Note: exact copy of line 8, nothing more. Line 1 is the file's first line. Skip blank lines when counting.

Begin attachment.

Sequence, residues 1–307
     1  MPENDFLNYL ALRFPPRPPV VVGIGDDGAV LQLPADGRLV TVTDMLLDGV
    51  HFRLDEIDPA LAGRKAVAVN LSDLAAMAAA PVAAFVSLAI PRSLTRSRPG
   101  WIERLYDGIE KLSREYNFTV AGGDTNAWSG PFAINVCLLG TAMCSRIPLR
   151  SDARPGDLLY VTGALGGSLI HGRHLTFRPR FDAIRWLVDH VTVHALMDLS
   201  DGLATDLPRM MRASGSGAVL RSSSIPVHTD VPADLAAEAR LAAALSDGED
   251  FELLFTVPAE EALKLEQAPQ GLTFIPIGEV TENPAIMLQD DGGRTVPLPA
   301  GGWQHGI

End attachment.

   301  GGWQHGI